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Rodeo at County Fair may draw animal rights protest

August 1997

The Kendall County Record (Illinois)

By Joe Hendricksen

In an attempt to boost attendance at the Kendall County Fair, the Fair Association has decided to bring Big Hat Rodeo of Lebanon, Mo. to the fairgrounds Sunday, Aug. 3.

"Sunday has been a slow day in terms of people at the fair," said Mike Drendel, president of the Kendall County Fair Association. "The number one draw for people at county fairs throughout the state is the rodeo."

But the event may draw more than just fans as rodeos have become a prime target for animal rights activists who claim they are a form of animal cruelty.

Drendel, who says he is aware of the controversy with animal rights activists, promised that the Kendall County Fair Association went to great lengths to make sure the company they hired took proper care of the animals.

"Taking care of the animals was very important to the Fair Association," Drendel said. "The biggest complaint of animal rights activists regarding rodeos is the calf roping contest, and we decided our rodeo would have no part of that particular contest."

Drendel adds organizers of the fair welcome any individual or animal rights activist to examine the animals and the equipment used in the rodeo.

"They are a professional and sanctioned rodeo," Drendel confirmed. "We have talked with the rodeo people about the animals they use as well as the equipment to make sure they are all taken care of and acceptable. We would be more than happy to have anyone visit to see for themselves."

Drendel may have someone take him up on that offer. Although Steve Hindi, a devout animal rights activists from Plano and part of the Chicago Animal rights Coalition, says they don't say ahead of time where they will be, he maintained his group would be active at some time or another, this year or next.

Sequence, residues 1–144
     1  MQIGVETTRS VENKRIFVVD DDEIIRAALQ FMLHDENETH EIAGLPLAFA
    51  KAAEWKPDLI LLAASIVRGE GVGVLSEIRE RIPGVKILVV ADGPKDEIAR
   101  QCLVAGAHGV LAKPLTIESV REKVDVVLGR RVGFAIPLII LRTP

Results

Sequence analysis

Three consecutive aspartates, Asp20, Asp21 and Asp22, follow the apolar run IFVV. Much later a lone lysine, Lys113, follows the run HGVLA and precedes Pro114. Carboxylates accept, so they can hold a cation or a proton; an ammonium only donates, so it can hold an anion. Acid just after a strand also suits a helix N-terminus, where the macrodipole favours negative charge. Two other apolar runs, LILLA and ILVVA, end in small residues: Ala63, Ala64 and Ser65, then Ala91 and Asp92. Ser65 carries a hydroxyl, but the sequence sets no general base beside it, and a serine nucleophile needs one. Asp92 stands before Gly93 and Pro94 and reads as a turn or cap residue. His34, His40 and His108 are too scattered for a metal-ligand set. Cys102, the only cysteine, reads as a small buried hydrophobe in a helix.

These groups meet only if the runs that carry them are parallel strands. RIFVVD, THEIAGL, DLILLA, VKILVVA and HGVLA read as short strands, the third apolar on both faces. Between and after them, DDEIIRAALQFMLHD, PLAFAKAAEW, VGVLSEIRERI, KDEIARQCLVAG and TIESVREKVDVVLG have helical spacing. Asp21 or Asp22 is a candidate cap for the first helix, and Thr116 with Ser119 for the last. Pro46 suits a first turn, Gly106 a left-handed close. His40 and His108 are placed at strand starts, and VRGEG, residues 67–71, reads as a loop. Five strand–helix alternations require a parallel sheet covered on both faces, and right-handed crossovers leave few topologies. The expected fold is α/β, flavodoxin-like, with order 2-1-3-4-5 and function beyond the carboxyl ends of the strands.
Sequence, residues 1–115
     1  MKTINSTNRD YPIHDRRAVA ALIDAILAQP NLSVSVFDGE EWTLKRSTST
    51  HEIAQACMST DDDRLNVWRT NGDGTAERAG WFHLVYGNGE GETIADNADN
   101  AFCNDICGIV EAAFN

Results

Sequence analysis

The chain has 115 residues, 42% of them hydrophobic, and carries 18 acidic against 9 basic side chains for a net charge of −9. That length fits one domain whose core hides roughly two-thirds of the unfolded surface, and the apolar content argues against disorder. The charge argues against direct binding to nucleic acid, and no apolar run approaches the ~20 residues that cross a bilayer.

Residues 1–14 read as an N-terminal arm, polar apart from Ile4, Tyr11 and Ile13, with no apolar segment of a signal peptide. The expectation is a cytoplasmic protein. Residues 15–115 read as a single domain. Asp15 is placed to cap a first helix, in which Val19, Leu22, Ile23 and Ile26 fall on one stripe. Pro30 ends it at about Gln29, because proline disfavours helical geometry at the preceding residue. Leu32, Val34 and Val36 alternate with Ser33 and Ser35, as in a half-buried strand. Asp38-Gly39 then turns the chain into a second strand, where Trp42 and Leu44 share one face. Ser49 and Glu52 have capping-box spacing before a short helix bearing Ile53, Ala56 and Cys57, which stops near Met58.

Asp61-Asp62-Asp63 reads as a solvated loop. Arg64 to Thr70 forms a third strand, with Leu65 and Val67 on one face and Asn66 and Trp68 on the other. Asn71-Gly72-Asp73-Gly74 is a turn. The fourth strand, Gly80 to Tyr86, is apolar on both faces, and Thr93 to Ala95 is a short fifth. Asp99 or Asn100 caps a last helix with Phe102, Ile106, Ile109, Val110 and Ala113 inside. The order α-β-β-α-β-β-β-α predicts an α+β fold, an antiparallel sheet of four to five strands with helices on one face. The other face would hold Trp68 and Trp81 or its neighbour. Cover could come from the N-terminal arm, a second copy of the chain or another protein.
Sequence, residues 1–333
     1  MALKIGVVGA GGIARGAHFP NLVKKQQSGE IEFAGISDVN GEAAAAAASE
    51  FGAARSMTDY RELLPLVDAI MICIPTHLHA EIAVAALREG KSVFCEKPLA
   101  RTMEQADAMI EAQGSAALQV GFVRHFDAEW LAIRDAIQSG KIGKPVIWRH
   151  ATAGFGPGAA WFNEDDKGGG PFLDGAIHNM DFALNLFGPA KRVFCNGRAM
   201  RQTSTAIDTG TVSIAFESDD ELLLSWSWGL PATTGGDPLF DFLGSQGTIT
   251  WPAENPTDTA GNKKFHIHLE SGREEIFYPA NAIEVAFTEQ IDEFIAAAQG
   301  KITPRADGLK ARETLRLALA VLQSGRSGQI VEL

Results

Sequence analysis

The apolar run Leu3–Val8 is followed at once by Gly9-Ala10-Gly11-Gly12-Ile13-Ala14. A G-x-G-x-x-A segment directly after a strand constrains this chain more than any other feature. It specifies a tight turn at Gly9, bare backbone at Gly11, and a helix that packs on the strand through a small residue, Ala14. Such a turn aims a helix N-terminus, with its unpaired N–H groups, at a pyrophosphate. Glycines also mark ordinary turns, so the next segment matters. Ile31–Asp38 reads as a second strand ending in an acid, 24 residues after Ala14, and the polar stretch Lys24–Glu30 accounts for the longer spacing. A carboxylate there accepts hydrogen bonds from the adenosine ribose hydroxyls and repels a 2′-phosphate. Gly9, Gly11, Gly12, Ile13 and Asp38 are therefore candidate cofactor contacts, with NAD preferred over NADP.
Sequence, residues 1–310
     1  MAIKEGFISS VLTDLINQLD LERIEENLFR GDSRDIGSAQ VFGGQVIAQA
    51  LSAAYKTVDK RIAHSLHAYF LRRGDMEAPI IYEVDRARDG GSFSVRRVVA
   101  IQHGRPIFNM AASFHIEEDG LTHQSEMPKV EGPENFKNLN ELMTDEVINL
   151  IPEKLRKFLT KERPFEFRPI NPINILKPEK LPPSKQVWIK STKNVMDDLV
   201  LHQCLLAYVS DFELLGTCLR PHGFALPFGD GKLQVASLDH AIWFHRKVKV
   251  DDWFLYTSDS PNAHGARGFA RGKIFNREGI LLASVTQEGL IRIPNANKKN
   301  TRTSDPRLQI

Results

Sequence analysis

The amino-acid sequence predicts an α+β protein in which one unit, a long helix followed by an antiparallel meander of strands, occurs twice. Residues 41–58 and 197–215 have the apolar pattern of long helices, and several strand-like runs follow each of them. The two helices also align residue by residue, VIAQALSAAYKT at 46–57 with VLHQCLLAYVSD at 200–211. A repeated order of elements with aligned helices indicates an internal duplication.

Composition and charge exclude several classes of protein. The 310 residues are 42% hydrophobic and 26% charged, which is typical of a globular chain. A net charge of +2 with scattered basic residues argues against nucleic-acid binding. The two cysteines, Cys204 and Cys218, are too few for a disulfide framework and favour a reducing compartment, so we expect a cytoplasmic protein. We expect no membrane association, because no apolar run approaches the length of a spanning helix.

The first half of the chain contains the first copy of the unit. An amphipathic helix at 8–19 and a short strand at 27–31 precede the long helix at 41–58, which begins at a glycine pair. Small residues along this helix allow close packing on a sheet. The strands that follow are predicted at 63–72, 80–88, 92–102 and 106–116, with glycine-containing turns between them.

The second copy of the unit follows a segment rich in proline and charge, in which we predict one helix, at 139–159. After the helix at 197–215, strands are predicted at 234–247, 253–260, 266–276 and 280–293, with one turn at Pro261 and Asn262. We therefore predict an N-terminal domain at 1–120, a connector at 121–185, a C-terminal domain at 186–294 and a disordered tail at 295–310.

"This is the rodeo season as they say," Hindi stated, "and putting an animal rights activist at a rodeo is like putting a kid in a candy store."

Hindi claims all rodeo abuse animals. I haven't seen one that hasn't," he says. But some, he says abuse animals more than others and he has the proof.

"We have plenty of footage to show," Hindi said. "We have some tapes of animals being kicked in the head and dirt thrown in the face."

Hindi says the biggest problem is the debate of whether the bucking strap, which goes around the animal's flank area, also goes around the animals genitals.

In any case, he says, if a flank strap were placed around a dog you would be charged with cruelty.

"This is why these animals buck," said Hindi about the use of the bucking strap. "If they didn't buck because of it, then don't use it. It rubs on these animals and it rubs them raw. Horses just don't buck uncontrollably for no reason."

While Hindi won't say whether the Chicago Animal Rights Coalition will be at the Kendall County Fair, he does say they will continue to state their opinion of the damage rodeos cause animals.

Hindi says he has a problem with pro-rodeo people who say there is a history behind the rodeo; that the rodeo is something that has been going on for years.

"I understand there is some historical significance in some of these activities," Hindi notes, "but they never did it in the style they do now. They didn't jerk-stop these animals. These other events, such as bull riding, have absolutely no historical significance; it's just a game."

Hindi says he applauds the Kendall County Fair for not allowing calf roping to take place, which he says is the harshest event on the animals, but that doesn't eliminate the damage.

"You can't do anything to clean up the rodeo," Hindi said. "What can you do to clean up the Mafia? We will continue to do what we have to, though, to let it be known what really goes on at these rodeos. We are like Pit Bulls, once we latch on we don't let go."

Kendall County Chief Deputy Terry Tichava says the Sheriff's Department has not talked directly with the Fair Board about the possibility of a protest at the fair, and says additional manpower has not been discussed. He does say the will take a look at the situation and see how to handle it.

"We haven't heard from any animal rights activists, but if they do show up, hopefully we can strike up some dialogue with them," Tichava said. "We can protect their right to assemble, but also try to not disrupt or disturb the fair as it is a family event."

Tichava said he doesn't believe there will be much of a problem or conflict at the fair.

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